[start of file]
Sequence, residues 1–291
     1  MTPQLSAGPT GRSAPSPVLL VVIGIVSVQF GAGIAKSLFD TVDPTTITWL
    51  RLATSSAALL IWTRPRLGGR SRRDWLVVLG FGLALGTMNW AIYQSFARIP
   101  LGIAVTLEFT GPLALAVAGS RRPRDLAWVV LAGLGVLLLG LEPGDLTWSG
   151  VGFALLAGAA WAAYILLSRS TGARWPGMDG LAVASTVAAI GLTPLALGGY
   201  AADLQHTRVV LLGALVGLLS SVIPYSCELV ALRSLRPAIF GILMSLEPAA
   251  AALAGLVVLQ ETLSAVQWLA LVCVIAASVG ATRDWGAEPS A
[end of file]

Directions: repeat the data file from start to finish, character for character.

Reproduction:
Sequence, residues 1–291
     1  MTPQLSAGPT GRSAPSPVLL VVIGIVSVQF GAGIAKSLFD TVDPTTITWL
    51  RLATSSAALL IWTRPRLGGR SRRDWLVVLG FGLALGTMNW AIYQSFARIP
   101  LGIAVTLEFT GPLALAVAGS RRPRDLAWVV LAGLGVLLLG LEPGDLTWSG
   151  VGFALLAGAA WAAYILLSRS TGARWPGMDG LAVASTVAAI GLTPLALGGY
   201  AADLQHTRVV LLGALVGLLS SVIPYSCELV ALRSLRPAIF GILMSLEPAA
   251  AALAGLVVLQ ETLSAVQWLA LVCVIAASVG ATRDWGAEPS A